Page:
By Alex Miceli
Ardmore, Pa. – In the 100-plus-year history of Merion Golf Club, nothing is more closely guarded then the baskets that adorn the top of the flagsticks on the famous East Course.
When Wilson returned from his trip the idea of the baskets came with him. It was first assumed that Wilson’s trip to Sunningdale Golf Club in England was the genesis for the baskets, but that theory has since been proven wrong. In 1987 the then-captain of Sunningdale said the baskets did not come from his club. Stoke Poges Club as well as Prestwick in Scotland have also been named as possible origins of the baskets.
But nothing factually has been discovered. So the mystery continues, one that may never be solved. That’s fine as far as Merion’s members are concerned.
That same mystique extends to the person in charge of making the baskets. Up until 25 years ago, the baskets were made on site by a member of the grounds crew staff. But over the last quarter-century a women, whose name and location are purposely kept anonymous, creates the current baskets.
All of the parts of the current flagstick are made somewhere else: the basket, the funnel that holds the basket on the flagstick and the flagstick pole itself are made off site. They are maintained on the grounds by Miguel Crespo, who for the last 25 years has been the keeper of the baskets.
"We do buy some every year, primarily the little ones," Superintendent Matt Shaffer said. "We have the full size, the babies and the miniatures in the clubhouse."
The full size is for the 18 holes on the golf course, the babies for the putting green and the miniatures go on the tables in the clubhouse. Each are treated the same under the watchful eye of Crespo.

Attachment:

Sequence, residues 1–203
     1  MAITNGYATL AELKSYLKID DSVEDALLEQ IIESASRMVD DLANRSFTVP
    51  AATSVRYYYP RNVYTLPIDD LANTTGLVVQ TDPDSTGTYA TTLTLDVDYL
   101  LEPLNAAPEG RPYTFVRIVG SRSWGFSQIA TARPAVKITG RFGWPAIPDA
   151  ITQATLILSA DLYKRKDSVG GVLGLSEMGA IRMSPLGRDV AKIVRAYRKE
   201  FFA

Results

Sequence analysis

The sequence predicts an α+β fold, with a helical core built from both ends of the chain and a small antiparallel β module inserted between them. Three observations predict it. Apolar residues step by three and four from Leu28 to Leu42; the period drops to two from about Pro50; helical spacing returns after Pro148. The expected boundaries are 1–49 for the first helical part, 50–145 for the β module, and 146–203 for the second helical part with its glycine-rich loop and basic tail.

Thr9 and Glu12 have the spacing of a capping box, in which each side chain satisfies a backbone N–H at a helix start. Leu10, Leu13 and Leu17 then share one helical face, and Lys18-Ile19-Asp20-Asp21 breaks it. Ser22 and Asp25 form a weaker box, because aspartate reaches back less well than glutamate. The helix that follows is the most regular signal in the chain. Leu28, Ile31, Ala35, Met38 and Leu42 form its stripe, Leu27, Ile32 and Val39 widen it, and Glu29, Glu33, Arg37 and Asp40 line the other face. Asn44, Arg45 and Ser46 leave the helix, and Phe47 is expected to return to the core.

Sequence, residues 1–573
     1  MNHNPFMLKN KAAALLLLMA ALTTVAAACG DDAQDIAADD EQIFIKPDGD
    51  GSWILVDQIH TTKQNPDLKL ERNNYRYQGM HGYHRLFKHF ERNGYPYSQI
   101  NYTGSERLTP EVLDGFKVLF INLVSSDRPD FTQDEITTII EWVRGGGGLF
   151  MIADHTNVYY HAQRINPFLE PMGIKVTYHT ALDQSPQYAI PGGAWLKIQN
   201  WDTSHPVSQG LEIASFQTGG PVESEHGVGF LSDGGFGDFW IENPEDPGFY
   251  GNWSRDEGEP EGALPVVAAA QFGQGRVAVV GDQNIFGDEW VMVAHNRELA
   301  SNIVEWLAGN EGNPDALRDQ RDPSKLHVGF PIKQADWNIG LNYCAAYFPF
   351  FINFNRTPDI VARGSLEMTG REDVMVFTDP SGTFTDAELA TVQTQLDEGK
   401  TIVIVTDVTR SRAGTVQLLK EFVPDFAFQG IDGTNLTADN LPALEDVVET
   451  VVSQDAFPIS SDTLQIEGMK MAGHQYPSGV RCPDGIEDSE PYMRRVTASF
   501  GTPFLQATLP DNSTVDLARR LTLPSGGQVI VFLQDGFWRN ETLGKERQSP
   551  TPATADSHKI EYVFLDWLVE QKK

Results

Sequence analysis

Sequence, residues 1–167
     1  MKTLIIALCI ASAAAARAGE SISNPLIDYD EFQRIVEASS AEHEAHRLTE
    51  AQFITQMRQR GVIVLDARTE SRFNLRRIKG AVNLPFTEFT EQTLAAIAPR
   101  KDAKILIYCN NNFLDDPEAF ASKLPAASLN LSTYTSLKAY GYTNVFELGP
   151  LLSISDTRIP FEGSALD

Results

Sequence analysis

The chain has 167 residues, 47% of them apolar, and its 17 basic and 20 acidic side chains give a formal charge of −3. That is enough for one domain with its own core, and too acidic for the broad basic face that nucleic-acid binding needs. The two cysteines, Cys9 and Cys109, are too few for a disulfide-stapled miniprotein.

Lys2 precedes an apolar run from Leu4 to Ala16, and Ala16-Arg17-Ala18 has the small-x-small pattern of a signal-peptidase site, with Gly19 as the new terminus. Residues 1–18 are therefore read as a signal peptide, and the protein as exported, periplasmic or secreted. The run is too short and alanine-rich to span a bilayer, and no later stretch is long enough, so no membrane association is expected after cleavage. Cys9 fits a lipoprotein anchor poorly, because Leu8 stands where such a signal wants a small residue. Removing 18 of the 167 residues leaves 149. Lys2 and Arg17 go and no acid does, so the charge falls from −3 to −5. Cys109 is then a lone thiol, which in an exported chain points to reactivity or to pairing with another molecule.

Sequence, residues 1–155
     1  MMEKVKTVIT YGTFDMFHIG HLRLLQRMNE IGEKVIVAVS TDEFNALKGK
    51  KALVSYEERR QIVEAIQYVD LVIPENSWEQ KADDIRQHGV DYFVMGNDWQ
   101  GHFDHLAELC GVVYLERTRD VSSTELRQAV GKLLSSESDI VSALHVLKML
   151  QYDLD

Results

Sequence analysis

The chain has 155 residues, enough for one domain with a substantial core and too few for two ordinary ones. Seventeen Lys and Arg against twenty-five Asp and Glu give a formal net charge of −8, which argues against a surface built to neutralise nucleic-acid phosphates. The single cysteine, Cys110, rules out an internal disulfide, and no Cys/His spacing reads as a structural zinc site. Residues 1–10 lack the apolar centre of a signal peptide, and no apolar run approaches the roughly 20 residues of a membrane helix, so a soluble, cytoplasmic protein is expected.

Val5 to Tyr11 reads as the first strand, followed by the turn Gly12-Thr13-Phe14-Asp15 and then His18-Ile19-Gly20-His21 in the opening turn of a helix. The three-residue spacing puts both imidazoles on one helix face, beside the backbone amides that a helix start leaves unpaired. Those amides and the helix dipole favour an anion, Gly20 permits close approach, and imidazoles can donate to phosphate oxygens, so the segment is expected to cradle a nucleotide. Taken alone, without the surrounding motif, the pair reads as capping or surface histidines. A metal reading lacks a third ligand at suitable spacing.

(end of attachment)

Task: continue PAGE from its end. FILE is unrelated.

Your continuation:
The baskets that are on the golf course for the 2005 U.S. Amateur are in some cases older than the participants themselves. Some, according to Shaffer, are "old enough to have kids that can vote."
This means that Crespo has an incredible task of keeping the baskets in top shape. Each basket is painted or repainted every two weeks with either red paint for the front nine and orange paint for the back nine.
"They’re an enormous undertaking," said Shaffer of the baskets. "Actually, lots of clubs would like to have the wickers, but I don’t think they have any idea how much time, effort and money goes into making them."
The same colors of paint are used on the metal flag stick and the funnel. The flagstick has four stripes of either white and red or white and orange paint, depending on the front or back nine, with each stripe exactly 19 inches high.
The flagsticks are repainted three to four times a year and usually take three to four days since each needs to be primed, then allowed to dry for approximately two days and finally white paint is applied along with either red or orange depending on which nine the flagstick is going.
"We tried one year to make a wooden one," said Shaffer. "We used two piece of wood. We had a piece of maple and a piece of birch. We stuck it out there and [after] a couple of rainstorms, that baby was leaning out there."
Just like a piece of real estate or fine art, no two baskets are the same. This lends itself to naming certain baskets. In this case, some of the baskets are named after former superintendents.
"Some of them are characteristics of the superintendent," Shaffer said of the named baskets. "For instance one superintendent had a particularly large cranium. It’s called potato head. That’s an inside joke. If they are in need of repair we bring them in and get them repaired right away."
So in some small way every previous superintendent is still on the grounds.
Alex Miceli is a freelance writer whose articles have appeared previously on usamateur.org.